Consistent nucleosomes are well positioned in vivo and in vitro
A direct comparison of the two previously discussed datasets and their overlapping subsets was then crossvalidated using the scores of Shivaswamy et al. , Mavrich et al.  and Kaplan et al. . Initial validation of the consistent nucleosomes was conducted through direct comparison with in vivo and in vitro hybridization scores. We used the initial in vivo scores provided by Shivaswamy et al.  for each of their nucleosome calls. We then compared the scores of consistent nucleosomes with non-overlapping nucleosomes; that is, those that had zero overlap between the two sets. Scores for nucleosomes with no overlap were significantly lower than for those with high overlap values (see Additional File 1). Because these scores were directly linked to the initial raw experimental signal, the observed differences may be an indication that consistent nucleosomes are positioned more strongly in vivo.
Mavrich et al.  also provide a score for each inferred position. This is an occupancy measure based on the mode-normalized occupancy across all of their four sequencing datasets, ranging from 0 to 100; a mean score of 100 represents nucleosomes found at the same position in all four replicate datasets. To further validate our dataset of consistent nucleosomes, we analyzed the cases that had > 0.95 overlap with the dataset of Mavrich et al (~66,000 nucleosomes), and plotted the distributions of mean occupancy for the complete datasets as their overlapping subsets (see Additional File 1). We found that mean occupancy increased sharply as we moved from the initial complete dataset of Mavrich et al.  to two-set overlaps, reaching a mean of 93 in the case of the three-set overlap (segments from Lee et al. , Shivaswamy et al.  and Mavrich et al.  that were overlapping in > 0.95 of their combined lengths). In fact, none of the 3061 consistent nucleosomes, defined as the overlaps between Lee et al.  and Shivaswamy et al. , showed an overlap of < 0.96 with a corresponding segment of the denser Mavrich et al.  dataset, an additional indication that they comprise a subset of highly reproducible positions.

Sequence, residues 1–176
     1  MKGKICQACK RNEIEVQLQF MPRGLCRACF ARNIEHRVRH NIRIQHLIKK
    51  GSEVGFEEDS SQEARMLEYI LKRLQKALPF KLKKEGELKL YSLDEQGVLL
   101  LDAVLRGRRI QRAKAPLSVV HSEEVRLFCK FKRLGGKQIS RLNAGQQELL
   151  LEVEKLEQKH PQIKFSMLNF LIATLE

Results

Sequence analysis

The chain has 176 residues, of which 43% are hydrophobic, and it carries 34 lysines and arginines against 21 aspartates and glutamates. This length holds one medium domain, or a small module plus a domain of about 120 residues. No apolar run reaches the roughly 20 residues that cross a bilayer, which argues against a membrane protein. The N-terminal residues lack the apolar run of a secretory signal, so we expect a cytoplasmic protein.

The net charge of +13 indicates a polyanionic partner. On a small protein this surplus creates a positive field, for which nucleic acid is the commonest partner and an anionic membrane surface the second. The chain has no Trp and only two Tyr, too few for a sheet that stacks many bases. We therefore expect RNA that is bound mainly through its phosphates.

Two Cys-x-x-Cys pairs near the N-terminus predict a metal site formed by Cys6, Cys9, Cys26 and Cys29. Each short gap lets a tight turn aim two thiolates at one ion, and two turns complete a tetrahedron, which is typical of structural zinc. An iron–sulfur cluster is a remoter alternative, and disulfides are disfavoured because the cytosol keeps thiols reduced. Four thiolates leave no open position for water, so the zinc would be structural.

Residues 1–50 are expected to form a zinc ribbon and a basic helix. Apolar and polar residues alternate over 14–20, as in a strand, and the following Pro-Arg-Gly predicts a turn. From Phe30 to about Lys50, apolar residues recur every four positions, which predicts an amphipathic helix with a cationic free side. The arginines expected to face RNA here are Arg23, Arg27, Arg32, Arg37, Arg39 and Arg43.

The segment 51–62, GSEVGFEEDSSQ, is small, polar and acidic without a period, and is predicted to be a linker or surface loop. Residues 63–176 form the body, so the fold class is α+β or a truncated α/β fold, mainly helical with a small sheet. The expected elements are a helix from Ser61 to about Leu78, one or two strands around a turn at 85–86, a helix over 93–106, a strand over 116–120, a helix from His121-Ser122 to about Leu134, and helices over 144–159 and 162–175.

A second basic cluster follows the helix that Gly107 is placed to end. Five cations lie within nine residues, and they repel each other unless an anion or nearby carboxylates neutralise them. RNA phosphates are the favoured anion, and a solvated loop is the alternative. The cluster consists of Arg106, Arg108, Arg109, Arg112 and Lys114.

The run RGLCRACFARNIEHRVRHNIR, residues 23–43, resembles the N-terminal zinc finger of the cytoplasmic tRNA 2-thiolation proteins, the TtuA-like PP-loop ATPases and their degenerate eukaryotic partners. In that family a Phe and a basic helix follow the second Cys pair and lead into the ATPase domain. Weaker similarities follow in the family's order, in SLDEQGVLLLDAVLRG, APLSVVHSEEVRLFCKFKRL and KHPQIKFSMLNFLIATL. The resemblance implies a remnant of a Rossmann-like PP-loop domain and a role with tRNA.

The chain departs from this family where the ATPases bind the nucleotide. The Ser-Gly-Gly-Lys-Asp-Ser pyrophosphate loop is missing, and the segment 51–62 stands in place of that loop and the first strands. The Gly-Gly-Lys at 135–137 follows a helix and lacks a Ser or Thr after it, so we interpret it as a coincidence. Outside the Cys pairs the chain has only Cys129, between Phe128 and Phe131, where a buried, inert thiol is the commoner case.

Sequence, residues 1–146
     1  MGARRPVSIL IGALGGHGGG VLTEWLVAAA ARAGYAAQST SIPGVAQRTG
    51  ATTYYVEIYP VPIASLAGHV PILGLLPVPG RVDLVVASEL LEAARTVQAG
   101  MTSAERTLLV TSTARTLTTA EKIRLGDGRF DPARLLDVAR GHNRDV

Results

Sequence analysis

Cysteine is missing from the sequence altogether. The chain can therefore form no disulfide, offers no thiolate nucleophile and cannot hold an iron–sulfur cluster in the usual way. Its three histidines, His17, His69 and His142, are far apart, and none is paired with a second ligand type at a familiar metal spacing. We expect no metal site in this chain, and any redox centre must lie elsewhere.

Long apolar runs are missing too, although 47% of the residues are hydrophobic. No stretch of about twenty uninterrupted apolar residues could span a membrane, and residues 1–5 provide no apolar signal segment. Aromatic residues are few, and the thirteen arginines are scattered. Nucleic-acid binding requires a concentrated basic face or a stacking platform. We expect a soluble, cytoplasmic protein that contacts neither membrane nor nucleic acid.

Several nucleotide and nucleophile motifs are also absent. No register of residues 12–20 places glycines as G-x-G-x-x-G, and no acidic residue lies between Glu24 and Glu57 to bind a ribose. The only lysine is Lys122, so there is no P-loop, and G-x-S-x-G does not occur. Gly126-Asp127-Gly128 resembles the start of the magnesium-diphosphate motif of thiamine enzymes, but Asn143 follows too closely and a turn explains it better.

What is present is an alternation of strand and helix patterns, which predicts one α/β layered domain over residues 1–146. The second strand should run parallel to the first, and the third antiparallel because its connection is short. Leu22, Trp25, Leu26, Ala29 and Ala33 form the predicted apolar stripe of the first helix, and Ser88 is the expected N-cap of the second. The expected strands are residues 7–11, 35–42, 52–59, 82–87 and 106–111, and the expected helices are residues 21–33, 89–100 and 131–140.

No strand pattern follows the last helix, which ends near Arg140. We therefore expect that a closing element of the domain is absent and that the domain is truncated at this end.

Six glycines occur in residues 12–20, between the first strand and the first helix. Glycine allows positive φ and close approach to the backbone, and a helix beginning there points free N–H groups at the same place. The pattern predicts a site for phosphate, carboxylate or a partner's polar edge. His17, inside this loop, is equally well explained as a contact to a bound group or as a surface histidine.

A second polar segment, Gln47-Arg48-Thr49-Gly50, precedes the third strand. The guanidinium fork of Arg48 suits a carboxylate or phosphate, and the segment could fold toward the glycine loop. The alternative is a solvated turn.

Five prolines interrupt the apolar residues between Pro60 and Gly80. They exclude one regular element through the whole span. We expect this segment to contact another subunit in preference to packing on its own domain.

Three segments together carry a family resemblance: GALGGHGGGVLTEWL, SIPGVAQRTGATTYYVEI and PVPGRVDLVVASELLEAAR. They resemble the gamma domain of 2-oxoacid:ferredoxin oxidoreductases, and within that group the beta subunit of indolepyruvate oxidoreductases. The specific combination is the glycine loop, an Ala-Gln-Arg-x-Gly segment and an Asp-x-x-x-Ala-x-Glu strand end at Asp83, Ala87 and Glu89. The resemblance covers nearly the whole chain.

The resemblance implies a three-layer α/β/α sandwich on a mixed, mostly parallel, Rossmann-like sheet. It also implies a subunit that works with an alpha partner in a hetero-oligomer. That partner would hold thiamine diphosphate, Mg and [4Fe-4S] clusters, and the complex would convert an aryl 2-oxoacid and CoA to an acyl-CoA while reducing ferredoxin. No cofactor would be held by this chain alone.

In a recent work, Kaplan et al.  attempted to decouple the intrinsic sequence preferences of nucleosomes from the combined action of all influencing factors, and thus provided a measure for the in vitro affinity of the underlying DNA for nucleosome formation. Although this is expected to correlate well with in vivo positioning, we examined possible differences between consistent and non-overlapping nucleosomes under in vitro conditions using the model scores as calculated by Kaplan et al.  (see Methods for details). We found a significant enrichment of model scores for consistent nucleosomes compared with zero overlap nucleosomes, as expected (see Additional File 1).